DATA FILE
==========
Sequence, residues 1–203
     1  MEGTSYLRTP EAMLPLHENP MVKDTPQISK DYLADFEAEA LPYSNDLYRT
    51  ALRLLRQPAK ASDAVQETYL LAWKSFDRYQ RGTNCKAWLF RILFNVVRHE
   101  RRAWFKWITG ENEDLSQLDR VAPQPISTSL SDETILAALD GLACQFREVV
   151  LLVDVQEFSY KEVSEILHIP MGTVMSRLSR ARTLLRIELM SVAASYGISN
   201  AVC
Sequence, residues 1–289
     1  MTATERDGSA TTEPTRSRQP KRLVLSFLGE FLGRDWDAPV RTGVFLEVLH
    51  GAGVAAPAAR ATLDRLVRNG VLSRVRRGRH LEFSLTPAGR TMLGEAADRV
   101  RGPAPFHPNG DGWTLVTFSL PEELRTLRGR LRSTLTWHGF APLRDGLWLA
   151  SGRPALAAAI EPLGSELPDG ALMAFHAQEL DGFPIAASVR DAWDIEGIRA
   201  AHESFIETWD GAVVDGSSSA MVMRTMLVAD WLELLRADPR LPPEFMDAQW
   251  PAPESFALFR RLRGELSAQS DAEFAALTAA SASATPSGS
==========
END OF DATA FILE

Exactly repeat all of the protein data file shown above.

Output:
Sequence, residues 1–203
     1  MEGTSYLRTP EAMLPLHENP MVKDTPQISK DYLADFEAEA LPYSNDLYRT
    51  ALRLLRQPAK ASDAVQETYL LAWKSFDRYQ RGTNCKAWLF RILFNVVRHE
   101  RRAWFKWITG ENEDLSQLDR VAPQPISTSL SDETILAALD GLACQFREVV
   151  LLVDVQEFSY KEVSEILHIP MGTVMSRLSR ARTLLRIELM SVAASYGISN
   201  AVC
Sequence, residues 1–289
     1  MTATERDGSA TTEPTRSRQP KRLVLSFLGE FLGRDWDAPV RTGVFLEVLH
    51  GAGVAAPAAR ATLDRLVRNG VLSRVRRGRH LEFSLTPAGR TMLGEAADRV
   101  RGPAPFHPNG DGWTLVTFSL PEELRTLRGR LRSTLTWHGF APLRDGLWLA
   151  SGRPALAAAI EPLGSELPDG ALMAFHAQEL DGFPIAASVR DAWDIEGIRA
   201  AHESFIETWD GAVVDGSSSA MVMRTMLVAD WLELLRADPR LPPEFMDAQW
   251  PAPESFALFR RLRGELSAQS DAEFAALTAA SASATPSGS